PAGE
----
SCHOOL OF LANGUAGES, LITERATURES AND CULTURES
NEW DIRECTIONS IN MEMORY STUDIES
Monday 5th September, 14.30
Please contact email@example.com with any queries
Refreshments will be available from 14.30 onwards (Social Area, Block B, First Floor, O’Rahilly Building)
14.45 Welcome (SR 1.24, O’Rahilly Building)
Digital Memories and New Media
Samuel Merrill (Dept of Sociology, Umea University)
The Lady with the Handbag: The Mnemonic Afterlives of Danuta Danielsson’s Medial Moment
Jessica Jones (Digital Humanities, UCC)
We Were Not Meant to Have This Much Evidence
New Approaches to Memory: From the Literary to Place-Making
Emma Bond (Dept of Italian, University of St Andrews)
Transnational memory in literature and art: new intermedial approaches
Karen Till (Dept of Geography, Maynooth)
Caring for Place: Memory-Work as an Intergenerational Right and Responsibility
17.30 wine reception and launch of Cara Levey’s new book ‘Fragile Memory, Shifting Impunity: Commemoration and Contestation in Post-Dictatorship Argentina and Uruguay’, published as part of Peter Lang’s Cultural Memories series. Presented by Helena Buffery, Department of Spanish, Portuguese and Latin American Studies, UCC and Karen Till. Please see flyer attached. Discount flyers and copies of the book will be available at the launch.
Emma Bond is Senior Lecturer in Italian and Comparative Literature at the University of St Andrews. She works mainly on border, migration and trans-national narratives. Some recent publications include ‘Towards a Trans-national Turn in Italian Studies?’ (Italian Studies 69: 3, Nov. 2014), the co-edited volume Destination Italy: Representing Migration in Contemporary Media and Narrative (Oxford: Peter Lang, 2015), and ‘“Let me go back and recreate what I don’t know”: Locating Trans-national Memory Work in Contemporary Narrative’ (Modern Languages Open, April 2016). She is Joint Editor of the Transnational Italian Cultures Series at Liverpool University Press.
Samuel Merrill is a postdoctoral researcher at Umeå University’s Digital Social Research Unit. He is currently working on a project entitled Mobilising The Past: The Transnational and Digital Social Memories of Contemporary European Antifascism and is primarily interested in questions of memory, landscape, heritage and infrastructure, within a broadly conceived underground (spatial, political and cultural). His PhD thesis was awarded first prize in the 2014 Peter Lang Young Scholars in Memory Studies Prize and is due for publication next year under the title: Excavating Buried Memories: Networked Remembrance in the Railways beneath London and Berlin.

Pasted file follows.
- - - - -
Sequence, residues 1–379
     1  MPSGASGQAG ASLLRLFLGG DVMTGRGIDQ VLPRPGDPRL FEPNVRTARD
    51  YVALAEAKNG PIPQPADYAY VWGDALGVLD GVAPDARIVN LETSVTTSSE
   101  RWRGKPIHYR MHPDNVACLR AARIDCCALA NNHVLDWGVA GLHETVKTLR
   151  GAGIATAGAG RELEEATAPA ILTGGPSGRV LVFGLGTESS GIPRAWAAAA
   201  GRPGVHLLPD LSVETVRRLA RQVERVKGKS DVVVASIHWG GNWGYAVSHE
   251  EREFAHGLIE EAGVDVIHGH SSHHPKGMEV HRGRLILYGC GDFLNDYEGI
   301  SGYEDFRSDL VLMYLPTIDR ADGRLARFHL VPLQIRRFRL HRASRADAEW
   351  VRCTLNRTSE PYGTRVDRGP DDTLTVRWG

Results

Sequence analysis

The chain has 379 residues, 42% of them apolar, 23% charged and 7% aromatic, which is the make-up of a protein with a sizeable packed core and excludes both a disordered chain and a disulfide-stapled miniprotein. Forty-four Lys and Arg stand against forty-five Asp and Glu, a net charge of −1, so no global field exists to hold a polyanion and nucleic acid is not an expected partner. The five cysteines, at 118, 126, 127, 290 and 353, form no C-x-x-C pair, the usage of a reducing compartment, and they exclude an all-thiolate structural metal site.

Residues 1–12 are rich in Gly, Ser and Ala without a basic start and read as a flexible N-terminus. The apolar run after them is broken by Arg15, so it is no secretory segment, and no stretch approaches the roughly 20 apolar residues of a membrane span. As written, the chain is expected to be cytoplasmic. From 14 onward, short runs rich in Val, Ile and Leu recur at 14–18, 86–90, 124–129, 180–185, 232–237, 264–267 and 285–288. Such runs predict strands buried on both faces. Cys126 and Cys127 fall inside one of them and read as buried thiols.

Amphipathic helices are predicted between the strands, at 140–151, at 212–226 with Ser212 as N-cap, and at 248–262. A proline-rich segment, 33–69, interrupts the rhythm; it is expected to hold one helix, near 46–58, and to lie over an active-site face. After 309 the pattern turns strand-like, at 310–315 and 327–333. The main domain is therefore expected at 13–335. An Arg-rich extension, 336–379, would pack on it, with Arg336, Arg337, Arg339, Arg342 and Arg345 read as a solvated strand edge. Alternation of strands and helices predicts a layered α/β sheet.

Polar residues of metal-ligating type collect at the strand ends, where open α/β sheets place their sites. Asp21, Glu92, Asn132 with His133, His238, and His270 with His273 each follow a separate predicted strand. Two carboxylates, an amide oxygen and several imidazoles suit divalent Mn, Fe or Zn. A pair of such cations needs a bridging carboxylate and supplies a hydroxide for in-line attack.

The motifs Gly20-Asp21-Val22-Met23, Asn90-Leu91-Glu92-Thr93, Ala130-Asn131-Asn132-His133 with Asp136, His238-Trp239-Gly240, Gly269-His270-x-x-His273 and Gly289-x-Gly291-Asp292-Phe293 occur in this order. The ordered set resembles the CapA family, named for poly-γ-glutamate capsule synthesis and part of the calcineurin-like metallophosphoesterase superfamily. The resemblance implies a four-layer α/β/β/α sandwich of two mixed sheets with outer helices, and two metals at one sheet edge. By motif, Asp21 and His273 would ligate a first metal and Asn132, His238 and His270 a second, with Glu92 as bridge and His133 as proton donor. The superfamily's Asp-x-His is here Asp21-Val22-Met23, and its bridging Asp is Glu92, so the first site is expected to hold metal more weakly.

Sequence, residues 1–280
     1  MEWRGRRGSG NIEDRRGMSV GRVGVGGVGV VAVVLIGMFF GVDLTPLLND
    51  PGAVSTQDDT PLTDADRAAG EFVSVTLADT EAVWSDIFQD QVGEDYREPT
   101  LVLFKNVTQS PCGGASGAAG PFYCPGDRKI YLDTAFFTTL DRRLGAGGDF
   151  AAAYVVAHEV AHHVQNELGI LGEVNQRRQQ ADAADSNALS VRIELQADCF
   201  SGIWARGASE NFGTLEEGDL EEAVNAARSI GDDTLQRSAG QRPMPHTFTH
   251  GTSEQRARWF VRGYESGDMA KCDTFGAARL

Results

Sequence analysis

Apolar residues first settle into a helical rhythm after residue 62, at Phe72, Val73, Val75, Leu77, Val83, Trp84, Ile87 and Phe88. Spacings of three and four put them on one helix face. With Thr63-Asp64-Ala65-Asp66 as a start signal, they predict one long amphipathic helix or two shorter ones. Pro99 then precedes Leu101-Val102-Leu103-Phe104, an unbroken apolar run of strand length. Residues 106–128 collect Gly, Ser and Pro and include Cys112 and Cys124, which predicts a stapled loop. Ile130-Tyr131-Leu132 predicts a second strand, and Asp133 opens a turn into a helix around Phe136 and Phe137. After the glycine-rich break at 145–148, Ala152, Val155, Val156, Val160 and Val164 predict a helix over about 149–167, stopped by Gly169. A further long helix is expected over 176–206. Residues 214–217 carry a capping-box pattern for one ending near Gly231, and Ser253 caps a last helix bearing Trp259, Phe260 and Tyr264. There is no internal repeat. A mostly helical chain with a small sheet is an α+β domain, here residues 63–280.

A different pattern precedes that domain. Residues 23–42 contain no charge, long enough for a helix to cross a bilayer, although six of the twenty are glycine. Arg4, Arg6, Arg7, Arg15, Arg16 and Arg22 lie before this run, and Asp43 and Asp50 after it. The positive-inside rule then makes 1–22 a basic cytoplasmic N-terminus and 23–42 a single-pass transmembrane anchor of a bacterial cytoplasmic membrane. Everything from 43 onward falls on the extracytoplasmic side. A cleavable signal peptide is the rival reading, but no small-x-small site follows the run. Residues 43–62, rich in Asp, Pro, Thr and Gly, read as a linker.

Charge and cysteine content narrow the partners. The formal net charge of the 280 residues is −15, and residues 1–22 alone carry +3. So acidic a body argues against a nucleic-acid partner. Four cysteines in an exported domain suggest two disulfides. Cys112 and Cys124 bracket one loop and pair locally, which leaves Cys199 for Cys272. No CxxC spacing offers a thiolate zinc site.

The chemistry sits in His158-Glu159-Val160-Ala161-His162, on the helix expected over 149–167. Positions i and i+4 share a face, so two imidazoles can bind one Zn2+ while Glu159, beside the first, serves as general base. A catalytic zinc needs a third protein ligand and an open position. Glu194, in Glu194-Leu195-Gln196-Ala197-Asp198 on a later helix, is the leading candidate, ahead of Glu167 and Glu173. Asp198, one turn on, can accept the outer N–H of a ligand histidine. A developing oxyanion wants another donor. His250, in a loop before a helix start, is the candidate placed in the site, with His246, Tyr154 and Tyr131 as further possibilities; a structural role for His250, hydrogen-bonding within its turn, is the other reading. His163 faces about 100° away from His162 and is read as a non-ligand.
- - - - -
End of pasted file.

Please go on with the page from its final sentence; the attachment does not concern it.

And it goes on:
Karen E. Till is Senior Lecturer of Cultural Geography at Maynooth University. She is Director of the MA in Geography at Maynooth, the Space&Place Research Collaborative (Ireland), and founding co-Convener of the Mapping Spectral Traces international network of artists, practitioners and scholars. Karen’s geo-ethnographic research in Berlin, Bogotá, Cape Town, Dublin, Minneapolis, and Roanoke examines the significance of place in personal and social memory, and the ongoing legacies of state-perpetrated violence. Her curatorial work invites artists, practitioners, community leaders, scholars and publics to explore how creative practices might enable more responsible and sustainable approaches to caring for places, shared environments and cities. In addition to numerous articles and chapters, her publications include The New Berlin: Place, Politics, Memory (2005), Mapping Spectral Traces (2010), and the co-edited volumes Textures of Place (2001) and Walls, Borders and Boundaries (2012). Karen’s book in progress, Wounded Cities, highlights the significance of place-based memory-work and ethical forms of care at multiple scales that may contribute to creating more socially just futures.